Volkswagen AG’s name translates as “People’s Car” and the company traces its roots to a push by the Nazis to mobilize the masses. Today, it’s counting on profit from cars for the world’s elite to gain an edge in its pursuit of General Motors Co. and Toyota Motor Corp.
With the completion of its purchase of Porsche in August, VW controls an unrivaled slate of high-margin luxury nameplates including Audi, Lamborghini, Bentley and Bugatti. If Porsche profit, which started flowing into VW’s books this quarter, had been included in the first half, luxury brands would have accounted for 54 percent of VW’s earnings, up from 39 percent in 2007, when Martin Winterkorn became chief executive officer.
“The financial results show that the strategy of producing exceptional cars was right,” Winterkorn said last week at an event in the north German city of Osnabrueck marking the first Porsche produced at a VW factory.
A goal of the luxury expansion is to generate cash to fuel investment of 62.4 billion euros ($81.2 billion) on vehicle development and factory upgrades over five years to overtake Toyota and GM in sales and profit by 2018. A key advantage for VW will be its luxury group, which sells about 1 million more high-end cars annually than either GM or Toyota.
“The big presence in the luxury segment is VW’s strength,” said Stefan Bratzel, director of the Center of Automotive Management in Bergisch Gladbach, Germany. “I don’t think you can compare GM’s Cadillac or Ford’s Lincoln to any of Volkswagen’s luxury brands.”
The luxury push should provide VW with a resilient profit machine. High-end nameplates typically endure economic swings better than mass-market brands because the wealthy are less prone to rein in spending in a slowdown.
“The high-end segment usually has a stabilizing effect on profits,” said Michael Punzet, an analyst at DZ Bank in Frankfurt.
With the addition of high-margin cars such as Porsche’s 911 and Cayenne sport-utility vehicle, the luxury group’s profit margins should rise to nearly 13 percent, from 11.4 percent in the first half. That compares with a margin of 4.2 percent for the mass-market VW, Skoda and Seat brands.
Adding Porsche’s earnings would have helped lift VW’s operating margin in the second quarter to about 7.6 percent, from the company’s reported 6.8 percent. Toyota’s operating margin for the quarter was 6.4 percent and GM’s was 4.8 percent, according to data compiled by Bloomberg.
VW, established after the Nazis commissioned Ferdinand Porsche to design a car for the masses in 1934, will present an expanded luxury lineup this week at the Paris Motor Show.
At Europe’s biggest auto fair this year, Porsche plans to unveil a four-wheel drive version of the 911 and a pre-production wagon variant of the Panamera four-door coupe. Audi will show five-door and high-performance derivatives of the new A3 compact.
The luxury expansion is forecast to boost VW’s premium sales 16 percent to 1.76 million vehicles by 2015, compared with Cadillac’s 68 percent surge to 326,100 vehicles and Lexus’s 33 percent jump to 605,600 vehicles, according to IHS Automotive.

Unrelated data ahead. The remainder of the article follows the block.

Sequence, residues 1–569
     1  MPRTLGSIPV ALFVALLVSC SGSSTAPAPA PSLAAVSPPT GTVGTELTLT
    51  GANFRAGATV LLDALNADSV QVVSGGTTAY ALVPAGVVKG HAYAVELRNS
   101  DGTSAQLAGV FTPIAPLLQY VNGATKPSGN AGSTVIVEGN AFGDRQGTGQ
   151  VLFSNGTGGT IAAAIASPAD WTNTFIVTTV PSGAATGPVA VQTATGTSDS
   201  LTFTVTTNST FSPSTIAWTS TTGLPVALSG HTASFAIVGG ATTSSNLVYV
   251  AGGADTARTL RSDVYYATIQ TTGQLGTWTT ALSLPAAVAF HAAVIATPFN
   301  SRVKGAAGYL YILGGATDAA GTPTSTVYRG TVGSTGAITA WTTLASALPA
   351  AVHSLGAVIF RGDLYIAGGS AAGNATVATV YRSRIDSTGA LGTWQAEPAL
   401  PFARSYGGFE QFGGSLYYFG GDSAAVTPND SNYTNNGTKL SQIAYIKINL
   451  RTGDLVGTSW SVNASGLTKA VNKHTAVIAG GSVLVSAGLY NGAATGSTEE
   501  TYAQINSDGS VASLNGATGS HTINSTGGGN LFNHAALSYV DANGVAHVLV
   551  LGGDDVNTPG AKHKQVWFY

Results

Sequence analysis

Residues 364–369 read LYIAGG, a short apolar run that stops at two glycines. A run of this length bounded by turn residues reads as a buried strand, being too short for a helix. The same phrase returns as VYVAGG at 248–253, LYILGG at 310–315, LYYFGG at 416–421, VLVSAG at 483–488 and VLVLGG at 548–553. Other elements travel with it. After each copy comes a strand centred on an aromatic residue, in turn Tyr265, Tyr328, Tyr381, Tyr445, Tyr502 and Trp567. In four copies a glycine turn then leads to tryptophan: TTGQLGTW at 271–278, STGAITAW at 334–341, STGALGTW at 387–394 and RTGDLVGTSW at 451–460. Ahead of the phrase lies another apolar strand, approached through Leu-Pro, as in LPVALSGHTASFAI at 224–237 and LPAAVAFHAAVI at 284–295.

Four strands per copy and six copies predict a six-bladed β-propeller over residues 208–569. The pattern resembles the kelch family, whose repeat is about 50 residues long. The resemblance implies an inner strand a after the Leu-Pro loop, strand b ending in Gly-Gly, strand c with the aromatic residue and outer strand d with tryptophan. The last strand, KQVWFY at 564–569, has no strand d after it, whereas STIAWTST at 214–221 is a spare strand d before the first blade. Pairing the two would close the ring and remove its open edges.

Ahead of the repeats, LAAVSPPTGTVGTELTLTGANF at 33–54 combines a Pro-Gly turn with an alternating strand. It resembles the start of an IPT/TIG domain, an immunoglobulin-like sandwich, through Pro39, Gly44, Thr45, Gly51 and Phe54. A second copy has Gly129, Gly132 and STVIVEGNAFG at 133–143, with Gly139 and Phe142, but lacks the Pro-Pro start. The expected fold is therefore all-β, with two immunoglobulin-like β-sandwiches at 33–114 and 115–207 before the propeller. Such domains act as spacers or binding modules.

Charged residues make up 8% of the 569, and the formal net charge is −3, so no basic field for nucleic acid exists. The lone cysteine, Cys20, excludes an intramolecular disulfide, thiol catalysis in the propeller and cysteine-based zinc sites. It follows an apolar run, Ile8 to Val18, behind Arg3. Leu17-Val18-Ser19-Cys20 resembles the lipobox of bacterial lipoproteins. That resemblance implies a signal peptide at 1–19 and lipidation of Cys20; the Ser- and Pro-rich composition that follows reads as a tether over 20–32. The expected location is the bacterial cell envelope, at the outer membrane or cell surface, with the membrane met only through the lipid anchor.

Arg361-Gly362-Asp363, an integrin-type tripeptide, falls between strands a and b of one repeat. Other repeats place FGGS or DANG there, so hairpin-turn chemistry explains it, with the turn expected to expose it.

VW’s current range of luxury cars runs from the 16,400-euro ($21,350) Audi A1 subcompact to super sportsters such as the 313,000-euro Lamborghini Aventador and the 1.69 million-euro Bugatti Veyron Vitesse. Cadillac’s line starts with the $33,095 ATS sedan and tops out with the hybrid Escalade SUV for $87,095. Lexus’s range includes the $35,065 IS sedan and the $375,000 LFA sports car.
Even in Europe, where the sovereign debt crisis is expected to drag demand for cars down to a 17-year low, Audi managed to increase deliveries by 5.9 percent through August. Bayerische Motoren Werke AG’s European sales were off by 2.4 percent for the period and Daimler AG’s Mercedes-Benz dipped 0.3 percent. Toyota’s Lexus has surged 13 percent from weak sales last year after many Japanese factories were shut down by the tsunami. The overall market dropped 6.6 percent.
Porsche’s 918 Spyder, an $845,000 limited-run hybrid supercar, will be the brand’s most expensive model ever when deliveries start next year. The Macan compact SUV is due to hit showrooms in 2014, and Porsche is also considering a $250,000 sports car and a smaller version of the Panamera.
To expand beyond its line of ultra-luxury coupes and sedans and double deliveries and margins in the coming years, Bentley is developing an SUV that will cost about 180,000 euros. Lamborghini is also considering an SUV to add to the Aventador and Gallardo sportsters.
“The VW group places a great deal of emphasis on the fact that its brands can compete successfully on their own,” Matthias Mueller, head of the Porsche brand, said in a June interview.
VW will face reinvigorated competition from key rivals. Toyota is adding nine new and refreshed Lexus cars and light trucks in 2012, including the GS and ES sedans and three “F-sport” performance models. Through August, Lexus sales grew 25 percent in the U.S., outpacing Audi’s 17 percent gain. GM says it intends to double Cadillac sales in the U.S. from its 2010 level and aims to compete for the title of the top-selling luxury brand in the nation again.
Even with the upscale growth, VW isn’t abandoning its roots in affordable cars for the masses. Following the rollout of the Up! city car late last year, VW introduced the seventh generation of the Golf hatchback in Berlin earlier this month.
The biggest challenge for VW may be its proliferation of brands. Its stable now encompasses a dozen nameplates including truck manufacturers Scania AB and MAN SE and exotic Italian motorcycle maker Ducati. GM, which once included more than 10 brands, closed Hummer, Pontiac and Saturn, and sold Saab as part of its 2009 bankruptcy reorganization.
“The high complexity of Volkswagen with all its brands and plants is a challenge for the management and can become a problem in the future,” said Juergen Pieper, analyst at Bankhaus Metzler in Frankfurt.